the last campaign day before a hard vote

Following a postponement of the vote, originally scheduled for May, due to the Covid-19 pandemic, Poland stayed the last moments of the campaign before the presidential election on Sunday. A vote whose efforts seem to outweigh the fear of the new coronavirus.

Last campaign day in Poland, Friday 26 June. The first round of presidential elections will be held on Sunday in a difficult context for the outgoing Nationalist President Andrzej Duda, candidate for his re-election.

Following a postponement of the vote, which was originally scheduled for May, due to the Covid-19 pandemic, efforts in this election seem to consider fears of the new coronavirus as it continues to circulate in Europe.

“So good president”

“We plan to spend at least 100 billion zloty (22 billion euros) to save the Polish economy and create jobs,” Andrzej Duda said at a recent meeting. And his followers are convinced. “We have never had such a good government and such a good president since World War II,” said one of his supporters.

On the sidelines of the rally was a demonstration in LGBT colors, the homophobic rhetoric from Andrzej Duda regularly served him this kind of protests.

In the Polish capital of Warsaw, the rainbow flag has become the symbol of opposition to the president and his Conservative Party, Law and Justice (PiS).

“We want law and justice to give up power and let people live the way they want!” So and a demonstrator.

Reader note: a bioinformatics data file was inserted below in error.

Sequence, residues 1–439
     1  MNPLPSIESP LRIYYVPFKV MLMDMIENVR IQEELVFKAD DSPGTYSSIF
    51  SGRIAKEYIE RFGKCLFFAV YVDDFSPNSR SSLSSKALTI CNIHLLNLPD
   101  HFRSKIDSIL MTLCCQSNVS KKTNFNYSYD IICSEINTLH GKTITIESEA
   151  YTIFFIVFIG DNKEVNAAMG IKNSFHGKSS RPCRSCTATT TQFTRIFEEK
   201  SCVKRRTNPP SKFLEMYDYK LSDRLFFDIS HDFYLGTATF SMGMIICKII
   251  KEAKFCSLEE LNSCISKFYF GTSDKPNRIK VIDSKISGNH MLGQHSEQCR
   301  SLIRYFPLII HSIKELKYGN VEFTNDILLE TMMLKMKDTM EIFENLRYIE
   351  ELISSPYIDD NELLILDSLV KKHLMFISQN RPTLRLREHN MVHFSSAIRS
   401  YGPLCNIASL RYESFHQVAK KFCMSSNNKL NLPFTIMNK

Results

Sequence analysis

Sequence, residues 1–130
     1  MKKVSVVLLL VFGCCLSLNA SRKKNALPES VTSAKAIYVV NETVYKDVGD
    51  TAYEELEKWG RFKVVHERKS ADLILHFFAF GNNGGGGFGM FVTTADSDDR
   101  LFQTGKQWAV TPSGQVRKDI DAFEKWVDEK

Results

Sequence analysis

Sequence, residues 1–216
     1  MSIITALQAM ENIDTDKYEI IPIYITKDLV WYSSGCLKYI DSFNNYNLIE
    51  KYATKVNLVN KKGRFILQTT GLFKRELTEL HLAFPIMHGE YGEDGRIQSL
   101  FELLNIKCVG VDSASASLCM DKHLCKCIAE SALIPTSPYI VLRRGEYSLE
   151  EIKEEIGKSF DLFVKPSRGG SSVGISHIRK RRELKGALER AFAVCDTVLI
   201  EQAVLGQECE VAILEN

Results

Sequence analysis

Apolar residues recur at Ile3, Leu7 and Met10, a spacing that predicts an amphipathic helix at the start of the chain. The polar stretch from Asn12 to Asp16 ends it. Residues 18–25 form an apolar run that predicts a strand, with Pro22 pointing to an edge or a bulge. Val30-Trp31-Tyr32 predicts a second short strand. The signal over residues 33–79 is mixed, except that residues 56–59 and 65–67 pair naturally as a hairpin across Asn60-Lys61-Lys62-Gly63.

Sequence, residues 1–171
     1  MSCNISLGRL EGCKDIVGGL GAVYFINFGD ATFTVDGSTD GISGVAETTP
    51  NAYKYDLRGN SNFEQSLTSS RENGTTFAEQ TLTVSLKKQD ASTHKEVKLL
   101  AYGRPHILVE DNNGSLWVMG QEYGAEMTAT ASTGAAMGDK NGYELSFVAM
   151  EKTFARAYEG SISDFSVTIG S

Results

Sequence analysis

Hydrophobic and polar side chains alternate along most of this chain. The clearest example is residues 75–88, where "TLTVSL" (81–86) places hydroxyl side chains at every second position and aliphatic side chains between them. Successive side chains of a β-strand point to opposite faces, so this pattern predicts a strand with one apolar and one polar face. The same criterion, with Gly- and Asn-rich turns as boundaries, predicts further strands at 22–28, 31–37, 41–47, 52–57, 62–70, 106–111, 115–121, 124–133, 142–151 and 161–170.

For these protesters, the ruling party strikes European democratic values. “The president we will elect now may well be our savior for our democracy and stop authoritarianism,” said another protester.

“People know how important this choice is”

Their hopes now rest on Rafał Trzaskowski, the liberal mayor of Warsaw.

Since joining the fight, even democratic activists who have criticized holding the votes in the midst of the Covid-19 pandemic have seen good reasons to vote.

“The average age of democratic activists is very high, so they take risks, but they still want to be observers during the election,” said Agnieska Stanska-Jedrych, of the NGO’s Defense for Democracy Committee. “It means people know how important this choice is.”

But whoever occupied the presidential palace, Parliament would remain in the hands of the nationalists. But the president has veto power, which can be a game changer.